People who criticize us for things we know we want to change in ourselves are often being covert narcissists. They target people who are self reflective because they know they can get to us.

 A more mature person is able to live without making you seem like the bad guy in their story of their life. Yes you have things you want to improve. That is a sign of your self awareness. Narcissists Will not be able to show respect for that and will take advantage of your ability to be self reflective.

You're not a bad guy but there are plenty of people out there who live by telling themselves that you are the villain in this chapter of their life story. You're not. You're human, you have bad days and good days.

You are not here to be cast in someone else's drama. They need to see their life as a drama with people in roles. Let them be. Leave them be.

She wasn't honest with you about the finances. This was going to damage your friendship and either she didn't care or didnt realize it. Either way, it was going to become an issue to sort out eventually since bills can't go unpaid forever. She may have gotten a notice in the mail right before she picked this fight with you. Not paying a shared Bill is one of many ways to damage a friendship with a roommate. That has nothing to do with you. She chose that.

You're gonna be ok without this roommate, and you already know that. :)


Penny Lane

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Re: When others accuse you of emotional abuse
« Reply #4 on: June 12, 2019, 07:37:29 PM »
Hi HS25362,
From what you've said I'm not seeing any evidence that there's something toxic and wrong about you.

It's impossible to tell over the internet exactly who was at fault for what in a scenario. Certainly it's possible you have some unhealthy habits (fleas) that came out in this scenario. It's also possible to have a situation where one person's issues intersect with another person's issues in a way where neither person was in the wrong but you ended up at odds anyway.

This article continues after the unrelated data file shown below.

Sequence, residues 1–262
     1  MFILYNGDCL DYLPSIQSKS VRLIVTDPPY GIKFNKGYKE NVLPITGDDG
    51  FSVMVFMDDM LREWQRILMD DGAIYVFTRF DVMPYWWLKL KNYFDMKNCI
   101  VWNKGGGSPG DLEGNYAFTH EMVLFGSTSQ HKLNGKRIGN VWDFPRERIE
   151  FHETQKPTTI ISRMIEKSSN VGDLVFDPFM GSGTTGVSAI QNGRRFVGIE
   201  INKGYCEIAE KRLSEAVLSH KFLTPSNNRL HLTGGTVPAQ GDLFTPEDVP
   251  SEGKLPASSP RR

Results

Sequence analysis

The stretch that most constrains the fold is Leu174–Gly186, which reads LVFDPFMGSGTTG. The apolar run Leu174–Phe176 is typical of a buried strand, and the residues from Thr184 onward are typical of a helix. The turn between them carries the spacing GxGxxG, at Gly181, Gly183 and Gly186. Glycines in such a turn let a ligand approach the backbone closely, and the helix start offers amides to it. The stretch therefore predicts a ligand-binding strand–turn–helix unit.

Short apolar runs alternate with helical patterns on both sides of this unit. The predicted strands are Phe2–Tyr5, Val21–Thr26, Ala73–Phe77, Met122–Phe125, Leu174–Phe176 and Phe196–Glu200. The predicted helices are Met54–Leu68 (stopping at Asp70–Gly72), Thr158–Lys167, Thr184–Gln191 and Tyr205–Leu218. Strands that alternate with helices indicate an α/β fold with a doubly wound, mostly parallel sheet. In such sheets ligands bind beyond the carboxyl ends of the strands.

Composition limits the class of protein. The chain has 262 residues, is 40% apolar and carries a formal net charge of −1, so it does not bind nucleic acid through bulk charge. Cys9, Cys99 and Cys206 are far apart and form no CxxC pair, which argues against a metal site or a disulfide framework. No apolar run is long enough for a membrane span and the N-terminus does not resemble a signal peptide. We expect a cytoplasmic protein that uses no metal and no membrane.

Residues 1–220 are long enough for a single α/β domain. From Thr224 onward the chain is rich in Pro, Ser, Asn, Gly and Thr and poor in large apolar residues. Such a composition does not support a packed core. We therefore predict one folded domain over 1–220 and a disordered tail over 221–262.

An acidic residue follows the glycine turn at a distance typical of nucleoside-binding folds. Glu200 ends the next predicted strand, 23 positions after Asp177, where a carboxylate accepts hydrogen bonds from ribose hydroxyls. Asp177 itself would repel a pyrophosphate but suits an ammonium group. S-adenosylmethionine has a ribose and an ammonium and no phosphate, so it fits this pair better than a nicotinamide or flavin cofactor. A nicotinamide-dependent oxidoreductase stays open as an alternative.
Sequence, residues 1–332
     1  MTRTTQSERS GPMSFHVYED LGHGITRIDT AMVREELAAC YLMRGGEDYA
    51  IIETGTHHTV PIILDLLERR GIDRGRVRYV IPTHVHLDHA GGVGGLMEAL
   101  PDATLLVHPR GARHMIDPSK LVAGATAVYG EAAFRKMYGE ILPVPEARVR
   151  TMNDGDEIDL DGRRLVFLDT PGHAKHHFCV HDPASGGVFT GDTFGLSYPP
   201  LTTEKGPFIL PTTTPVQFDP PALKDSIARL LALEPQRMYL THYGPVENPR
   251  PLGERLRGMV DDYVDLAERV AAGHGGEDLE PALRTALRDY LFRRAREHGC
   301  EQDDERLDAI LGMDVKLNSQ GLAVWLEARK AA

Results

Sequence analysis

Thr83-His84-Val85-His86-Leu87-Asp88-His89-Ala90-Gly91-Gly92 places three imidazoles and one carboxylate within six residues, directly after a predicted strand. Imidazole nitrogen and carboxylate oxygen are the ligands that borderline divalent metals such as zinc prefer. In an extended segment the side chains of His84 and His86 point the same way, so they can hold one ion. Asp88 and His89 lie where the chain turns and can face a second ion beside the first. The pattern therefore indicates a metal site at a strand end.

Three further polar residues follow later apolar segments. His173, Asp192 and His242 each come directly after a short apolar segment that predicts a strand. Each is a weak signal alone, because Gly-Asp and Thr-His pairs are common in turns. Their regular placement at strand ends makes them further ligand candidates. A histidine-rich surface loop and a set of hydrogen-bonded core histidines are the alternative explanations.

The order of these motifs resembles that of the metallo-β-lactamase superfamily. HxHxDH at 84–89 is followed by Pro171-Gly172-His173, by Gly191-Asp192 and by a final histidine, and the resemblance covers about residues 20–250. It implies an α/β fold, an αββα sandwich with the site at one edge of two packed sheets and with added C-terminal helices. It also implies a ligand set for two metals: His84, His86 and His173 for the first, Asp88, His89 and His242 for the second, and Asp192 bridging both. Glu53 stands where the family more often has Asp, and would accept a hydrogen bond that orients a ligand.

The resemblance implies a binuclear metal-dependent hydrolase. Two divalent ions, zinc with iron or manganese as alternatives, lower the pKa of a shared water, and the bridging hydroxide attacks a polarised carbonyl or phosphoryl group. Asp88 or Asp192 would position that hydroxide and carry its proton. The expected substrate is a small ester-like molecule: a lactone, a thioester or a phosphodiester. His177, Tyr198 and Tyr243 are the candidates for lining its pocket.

But I don't think that's what happened here. Your roommate is the one who acted objectively badly. She did not have your best interests at heart. I think the best proof of that is how she screwed you financially with the water bill, which is not the mark of a good friend. Not just screwed you but actually scammed money from you! And I agree with the others - I think it's highly likely that she provoked an argument to distract you from her own bad behavior.

I think you were onto something when you said she reminded you of your uBPD mother.

I think she told you that you are manipulative in order to hurt you and get you to do what she wants. Not because she believes it.

I think you are in a much better position to heal without her in your life.

Your insight that you need to set boundaries before you get mad - that is a great insight, and such a good goal to work toward. It seems like your former roommate didn't like it when you set boundaries.

If you've heard from others that you're manipulative (others who are not manipulative themselves, that is), then it might make sense to try to figure out if you picked up some manipulative behaviors from your mom, without realizing that's what you were doing. It really is the mark of a strong person to try to gain understanding of your weaknesses and work on them.

But to me, much more important would be to figure out why you were drawn to a toxic person like this roommate and how to spot and avoid them in the future, so you can seek out healthier relationships and friendships. That is a very hard skill to learn but it pays dividends throughout your life.

I hope your new one bedroom is beautiful. And someday you can look back on that apartment and you think "Wow, that was the place where I really kickstarted my healing process - I am so much happier and stronger after my time there."
« Last Edit: June 12, 2019, 07:59:55 PM by Penny Lane »